The audience consisted of about 70 graduate students in UVa’s MS MIT program and about 30 members of UVa’s Center for the Management of Information Technology. We were fortunate to be one of the first groups to present in the newly remodeled, state-of-the-art facilities in Rouss-Robertson Halls. I’ll give a brief recounting of each presentation, but I’m hoping that soon I will be able to edit this post to add links to videos of the presentations (3/17 update: it turns out the videos can’t be released – sorry about that).

Andrew McAfee at UVAAndrew McAfee led off with a great 60-minute summary of Enterprise 2.0 and it’s implication for enterprise technologists. I’ll briefly mention two points he made that I thought were intriguing. The first was his discussion of the underlying trends of E2.0 which included “lack of up-front structure” and “mechanisms to let structure emerge”. Those two trends align with the “freeform” and “emergence” concepts that Dion Hinchcliffe added in his FLATNESSES checklist – which is an extension of Andrew’s original SLATES checklist. We discussed it briefly over lunch, and the E2.0 trends that Andrew is encountering are congruent with what we have been seeing. The other interesting idea Andrew introduced centered around the value of weak ties in a social network. He mentioned Mark Granovetter’s The Strength of Weak Ties from 35 years ago and the Web as platform for social network is reproving how accurate Marks isights continue to be. He postulated – and I agree – that the people with whom we have weak social ties may be more valuable than the people with whom we have strong ties. That idea supports the research I have been doing about the importance of diverse and inclusive groups as the greatest driver of innovation.

Paul Dugherty at UVAPaul Daugherty was the second presenter and he provided very rich insight on the future of technology and what it means for the enterprise. Accenture has surpassed IBM as the world’s largest systems integrator, so Paul certainly has a keen perspective from which to predict future trends. His presentation was full of rich insight. While there was too much great content to review here, I will share his list of the eight power shift trends that will impact enterprise technology:

  1. Cloud Computing & SaaS
  2. Systems Integration – Regular & Light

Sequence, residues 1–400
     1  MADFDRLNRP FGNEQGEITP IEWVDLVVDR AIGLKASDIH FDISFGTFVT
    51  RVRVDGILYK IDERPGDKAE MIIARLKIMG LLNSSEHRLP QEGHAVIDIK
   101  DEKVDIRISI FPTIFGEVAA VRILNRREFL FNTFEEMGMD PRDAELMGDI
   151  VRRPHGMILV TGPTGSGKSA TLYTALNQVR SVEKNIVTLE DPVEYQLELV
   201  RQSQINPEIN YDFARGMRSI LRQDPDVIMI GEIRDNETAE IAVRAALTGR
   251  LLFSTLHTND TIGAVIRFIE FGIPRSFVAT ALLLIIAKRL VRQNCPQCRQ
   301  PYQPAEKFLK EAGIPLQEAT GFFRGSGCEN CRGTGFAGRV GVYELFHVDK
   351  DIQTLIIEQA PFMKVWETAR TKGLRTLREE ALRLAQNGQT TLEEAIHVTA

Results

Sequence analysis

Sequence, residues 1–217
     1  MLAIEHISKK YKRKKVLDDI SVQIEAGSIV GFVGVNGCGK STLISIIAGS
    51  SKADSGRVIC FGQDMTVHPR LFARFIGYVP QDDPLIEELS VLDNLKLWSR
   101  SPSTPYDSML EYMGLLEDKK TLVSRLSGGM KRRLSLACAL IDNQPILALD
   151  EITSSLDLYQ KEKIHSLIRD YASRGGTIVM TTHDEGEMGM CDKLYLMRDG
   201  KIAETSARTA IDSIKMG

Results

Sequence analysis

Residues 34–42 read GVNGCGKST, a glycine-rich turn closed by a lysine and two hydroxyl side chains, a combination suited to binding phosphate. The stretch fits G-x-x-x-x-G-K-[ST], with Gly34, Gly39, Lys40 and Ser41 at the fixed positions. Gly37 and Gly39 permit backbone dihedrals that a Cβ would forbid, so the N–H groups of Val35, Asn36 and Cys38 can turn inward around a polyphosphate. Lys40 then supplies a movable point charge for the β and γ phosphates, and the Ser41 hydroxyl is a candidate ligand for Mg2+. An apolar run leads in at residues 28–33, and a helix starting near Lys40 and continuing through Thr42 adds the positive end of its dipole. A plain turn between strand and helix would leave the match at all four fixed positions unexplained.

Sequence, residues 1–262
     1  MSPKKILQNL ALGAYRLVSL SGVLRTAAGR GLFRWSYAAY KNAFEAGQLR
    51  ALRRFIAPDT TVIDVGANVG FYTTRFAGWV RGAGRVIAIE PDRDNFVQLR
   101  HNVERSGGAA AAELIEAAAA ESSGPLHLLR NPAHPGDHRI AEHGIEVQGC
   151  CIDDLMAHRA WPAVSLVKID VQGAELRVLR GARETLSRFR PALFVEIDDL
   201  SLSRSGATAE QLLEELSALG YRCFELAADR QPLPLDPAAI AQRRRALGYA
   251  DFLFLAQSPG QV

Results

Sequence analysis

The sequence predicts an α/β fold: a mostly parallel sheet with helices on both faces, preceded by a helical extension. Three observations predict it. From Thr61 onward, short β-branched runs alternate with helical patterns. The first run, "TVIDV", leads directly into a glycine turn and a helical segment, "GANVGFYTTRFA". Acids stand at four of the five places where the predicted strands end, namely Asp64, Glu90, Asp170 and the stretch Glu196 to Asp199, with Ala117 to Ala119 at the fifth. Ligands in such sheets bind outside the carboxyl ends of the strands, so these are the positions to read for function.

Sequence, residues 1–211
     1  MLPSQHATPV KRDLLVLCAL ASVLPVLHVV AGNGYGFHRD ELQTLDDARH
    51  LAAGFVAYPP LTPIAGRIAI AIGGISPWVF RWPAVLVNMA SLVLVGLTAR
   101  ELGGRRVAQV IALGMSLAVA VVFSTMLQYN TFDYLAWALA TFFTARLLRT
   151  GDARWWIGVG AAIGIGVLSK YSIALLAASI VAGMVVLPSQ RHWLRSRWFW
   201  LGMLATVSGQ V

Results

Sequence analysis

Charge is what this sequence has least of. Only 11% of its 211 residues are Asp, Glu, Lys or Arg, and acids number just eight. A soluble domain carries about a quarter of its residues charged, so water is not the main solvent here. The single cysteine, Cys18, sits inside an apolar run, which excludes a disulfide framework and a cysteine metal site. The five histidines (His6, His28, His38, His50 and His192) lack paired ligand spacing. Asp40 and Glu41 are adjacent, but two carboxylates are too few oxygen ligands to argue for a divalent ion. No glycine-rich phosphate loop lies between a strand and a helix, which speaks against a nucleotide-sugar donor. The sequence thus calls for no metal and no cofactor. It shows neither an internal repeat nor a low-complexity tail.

3. Enterprise Intelligence at Scale
  4. Continuous Access to People and Content
  5. Social Computing
  6. Explosion of User-Generated Content
  7. Gradual Industrialization of Software Development
  8. Green Computing

Jeff Kelly at UVAJeff Kelly – I designed my talk to give the audience of technologists insight into the requests they might see coming from the business line. I based it on the platforms and strategies that resonate the most with the audiences we have at our Web 2.0 University ™ learning events. I provided a very brief summary of our two most popular learning events and then the topics that resonate the most with the business leaders who attend. You can see that list on slides 13 and 18 in the presentation deck linked here:

UVA Presentation Slides

uva_shepherd.jpgLewis Shepherd gave a great capstone presentation that illustrated the practical application of the ideals and theories covered earlier in the day. His perspective was that of someone who came to DC from Silicon Valley after 9/11 to help devise ways for the US intelligence community to better gather, share and collaborate on various intelligence sources. So, much of his presentation focused on implementing Enterprise 2.0 platforms in a ultra-secure environment. His insights were excellent and provide great fodder for countering security-veiled resistance to E2.0. (It gives us the ability to say, “well I’m sure the information sharing your employees will do does require the most robust security available – let me tell you how the US intelligence community uses to wikis to share top-secret information…”). Lewis walked us through the evolution and success of Intellipedia as well as covering some other federal E2.0 projects. He also pointed out that my alma mater, EPA, is doing some great Web 2.0 work at epa.wik.is. I encourage you to read the EPA Web 2.0 Whitepaper – grand kudos to Brand Niemann and everyone else who is finally getting EPA to the level of public data exchange the Myles Morse and I (and many others) were hoping for 14 years ago when we worked on Enviro$en$e.

The day wrapped up with a panel moderated by Stefano Grazioli where Lewis, Paul, and I (Andrew had an early flight) fielded questions. The entire day was a great learning opportunity and I look forward to delving deeper into the wealth of information that was presented.